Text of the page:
The tiny Patati featured a funky decor, a handful of counter seats and a couple of high tables that encouraged us to get our poutine ($4.50) to go. We opened the small clamshell foam box to find crunchy, browned, skin-on fries topped with thinnish but meaty gravy, lots of squeaky curds and a couple of kalamata olives.
Our order at the large, multiroomed, 24-hour La Banquise ($6.25) was much larger, featuring slightly sweet fries, as if some of their starch had turned to sugar, topped with elongated supersqueaky curds and a meaty thick gravy.
The verdict: The fries are better at Patati, but the whole package is better at La Banquise.
Marinated and rotisserie/grilled chicken with an optional chili rub and/or sauce. Though it's served by Portuguese-Canadians, it's actually called African chicken in Portugal.
The contenders: Rotisserie Romados (115 Rue Rachel East) and Portugalia (34 Rue Rachel West)
Like the Peruvian or Colombian chicken wars that have emerged in other cities across North America, Montreal's Portuguese chicken fight is characterized by stiff competition (with some areas hosting three chicken joints in as many blocks), hardwood coal grilling/rotisserie cooking and ultrasecretive spicing. Restaurants serve it plain or with spicy sauce, which can range from a reddish chili paste to a seriously potent rub of spices and red pepper flakes. After much asking around, we zeroed in on two places locals swear by. They range from the humble Portugalia counter to the fluorescent-lit Romados, which also serves as a bakery and deli.
When we arrived hungry at Romados, the grilled chicken aroma was almost as enticing as the long line was off-putting. But within 15 minutes we were up there receiving our half a chicken, rice and salad, all covered in a pile of delicious fries ($7.99). We snagged a rare counter seat by the window and unearthed the sauce-dotted chicken from the potatoes and enjoyed. Juicy, flavorful and tinged with a smoky grilled flavor but not as life changing as we'd heard.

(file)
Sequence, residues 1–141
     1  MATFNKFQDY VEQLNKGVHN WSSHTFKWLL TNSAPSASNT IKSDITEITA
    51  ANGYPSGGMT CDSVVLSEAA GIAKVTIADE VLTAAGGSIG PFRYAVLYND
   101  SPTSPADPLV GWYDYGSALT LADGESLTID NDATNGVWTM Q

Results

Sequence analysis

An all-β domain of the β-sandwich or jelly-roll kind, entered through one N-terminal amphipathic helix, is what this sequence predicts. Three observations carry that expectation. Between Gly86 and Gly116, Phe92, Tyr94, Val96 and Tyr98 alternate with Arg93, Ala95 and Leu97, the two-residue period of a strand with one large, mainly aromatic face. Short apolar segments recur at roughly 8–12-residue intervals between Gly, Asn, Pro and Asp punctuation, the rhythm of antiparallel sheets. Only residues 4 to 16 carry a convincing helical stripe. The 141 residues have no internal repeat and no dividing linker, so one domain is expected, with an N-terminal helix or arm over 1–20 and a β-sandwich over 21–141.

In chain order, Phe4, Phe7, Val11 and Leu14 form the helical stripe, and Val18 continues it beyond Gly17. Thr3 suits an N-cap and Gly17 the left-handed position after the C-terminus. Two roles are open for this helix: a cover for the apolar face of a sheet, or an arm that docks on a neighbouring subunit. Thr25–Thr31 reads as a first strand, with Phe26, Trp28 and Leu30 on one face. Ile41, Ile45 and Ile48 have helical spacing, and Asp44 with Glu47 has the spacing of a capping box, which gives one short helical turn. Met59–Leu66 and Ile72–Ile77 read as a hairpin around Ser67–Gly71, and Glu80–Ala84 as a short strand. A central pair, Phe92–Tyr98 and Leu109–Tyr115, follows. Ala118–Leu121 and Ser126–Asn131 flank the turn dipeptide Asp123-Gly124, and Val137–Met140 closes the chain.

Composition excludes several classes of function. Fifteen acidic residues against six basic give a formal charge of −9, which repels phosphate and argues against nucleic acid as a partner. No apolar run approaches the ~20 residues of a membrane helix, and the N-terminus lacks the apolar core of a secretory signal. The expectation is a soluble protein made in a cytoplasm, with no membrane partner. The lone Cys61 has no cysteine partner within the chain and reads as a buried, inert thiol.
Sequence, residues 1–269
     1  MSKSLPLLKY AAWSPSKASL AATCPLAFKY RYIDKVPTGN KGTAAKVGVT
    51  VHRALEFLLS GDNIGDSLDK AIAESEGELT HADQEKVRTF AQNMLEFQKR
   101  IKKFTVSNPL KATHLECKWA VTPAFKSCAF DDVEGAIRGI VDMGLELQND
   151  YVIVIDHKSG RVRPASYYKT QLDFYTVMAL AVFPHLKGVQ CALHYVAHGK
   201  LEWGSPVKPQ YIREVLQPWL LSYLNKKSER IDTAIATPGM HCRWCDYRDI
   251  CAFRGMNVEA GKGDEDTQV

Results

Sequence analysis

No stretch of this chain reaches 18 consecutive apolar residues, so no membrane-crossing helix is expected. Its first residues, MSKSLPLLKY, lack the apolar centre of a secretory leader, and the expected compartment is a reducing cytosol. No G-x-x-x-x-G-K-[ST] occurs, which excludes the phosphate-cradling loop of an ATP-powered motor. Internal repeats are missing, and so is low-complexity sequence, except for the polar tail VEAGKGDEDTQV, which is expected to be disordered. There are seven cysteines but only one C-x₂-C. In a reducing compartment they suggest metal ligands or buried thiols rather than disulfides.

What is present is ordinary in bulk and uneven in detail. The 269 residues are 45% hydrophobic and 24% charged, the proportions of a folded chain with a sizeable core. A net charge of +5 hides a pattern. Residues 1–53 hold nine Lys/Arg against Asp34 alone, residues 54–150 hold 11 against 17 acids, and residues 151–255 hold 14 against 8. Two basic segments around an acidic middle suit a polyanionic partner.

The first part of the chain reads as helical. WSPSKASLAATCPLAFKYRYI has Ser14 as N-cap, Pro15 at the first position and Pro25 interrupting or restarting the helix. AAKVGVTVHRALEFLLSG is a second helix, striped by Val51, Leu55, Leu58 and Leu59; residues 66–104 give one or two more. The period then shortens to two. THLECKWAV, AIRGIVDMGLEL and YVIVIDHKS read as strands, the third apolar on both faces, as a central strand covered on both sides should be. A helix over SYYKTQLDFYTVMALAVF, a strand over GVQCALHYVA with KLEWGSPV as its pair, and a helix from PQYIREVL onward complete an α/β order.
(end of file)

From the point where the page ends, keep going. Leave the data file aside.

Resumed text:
The counter guys at Schwartz's told us that the best Portuguese chicken in town came from a little joint around the corner called Portugalia, where they butterfly and grill the chicken and paint it with a fiery paste. We loved the char and incendiary spicing on this bird, even if it was a little less juicy than at Romados. You can eat it there at the blue-tiled counter or take it on the run in a foil bag as we did.
The verdict: If you love fries and milder flavors, go to Romados, but if you go for a bolder bird, as we do, hit Portugalia.
Particularly espresso drinks that require the barista to pull a great espresso and top it with milk.
The contenders: Cafe Olimpico (124 St-Viateur West) and Cafe Neve (151 Rue Rachel East).
One morning while waiting for hot-meat places to open in the St-Laurent area, we wandered into the hipster, rustic Cafe Neve. We just wanted to kill some time but ended up enchanted by the buttery croissants, divine bagels with lox (using St-Viateur) and a latte in a bowl ($3.50) that was as beautiful as it was rich and delicious. Turns out they use coffee from Chicago's famous Metropolis roaster and put a lot of care into brewing it just right and topping it with a flower design.
But could it hold up against the famed Joe at the 42-year-old Cafe Olimpico up in the Mile End area? We went to find out. The large, tin-ceilinged coffeehouse with an Italian soccer theme and a sprawling courtyard was crowded on a Sunday morning. But these coffee lovers seemed unfazed by the dozens-deep line. We were grateful for it — though it moved quickly — because it gave us a chance to rehearse our order for the no-nonsense, handlebar-mustachioed baristas who liked to keep things moving. Their product, however, doesn't taste rushed at all. The macchiato (espresso with a little foam milk for $2.60) was fantastic, with rich, full-bodied flavor yet no bitter finish. Bravo.
Verdict: For a laid-back cafe vibe, big bowls of latte luxury and delicious savories, go to Cafe Neve. For boisterous atmosphere, lots of soccer and sports and wonderful Italian-style coffee, head to Olimpico.
Deep-fried foie gras
Fatty goose or duck liver breaded and deep fried in what has become a bit of a local trend.
The contenders: Au Pied de Cochon (536 Ave. Duluth East) and Joe Beef (2491 Rue Notre Dame West).
Traditional pairings with foie gras tend to play its richness off of a starch or sweet accent, or both. But in foie gras-crazy Montreal, the chefs instead amp up the decadence with a dip in the fryer.